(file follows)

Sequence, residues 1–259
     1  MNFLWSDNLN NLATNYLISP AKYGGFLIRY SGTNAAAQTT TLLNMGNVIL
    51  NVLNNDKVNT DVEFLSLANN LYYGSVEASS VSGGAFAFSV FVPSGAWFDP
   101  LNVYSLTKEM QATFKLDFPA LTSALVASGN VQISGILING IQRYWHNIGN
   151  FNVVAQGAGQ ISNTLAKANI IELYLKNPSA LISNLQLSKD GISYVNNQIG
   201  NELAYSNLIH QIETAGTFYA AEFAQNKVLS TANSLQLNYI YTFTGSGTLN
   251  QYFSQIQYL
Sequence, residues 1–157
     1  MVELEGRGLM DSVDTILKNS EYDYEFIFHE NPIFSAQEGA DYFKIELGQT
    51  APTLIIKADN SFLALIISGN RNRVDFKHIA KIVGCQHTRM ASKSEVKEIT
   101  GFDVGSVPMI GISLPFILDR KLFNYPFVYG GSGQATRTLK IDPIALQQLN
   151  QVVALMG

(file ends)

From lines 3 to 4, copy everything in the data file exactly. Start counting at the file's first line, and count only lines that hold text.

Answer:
    51  NVLNNDKVNT DVEFLSLANN LYYGSVEASS VSGGAFAFSV FVPSGAWFDP
   101  LNVYSLTKEM QATFKLDFPA LTSALVASGN VQISGILING IQRYWHNIGN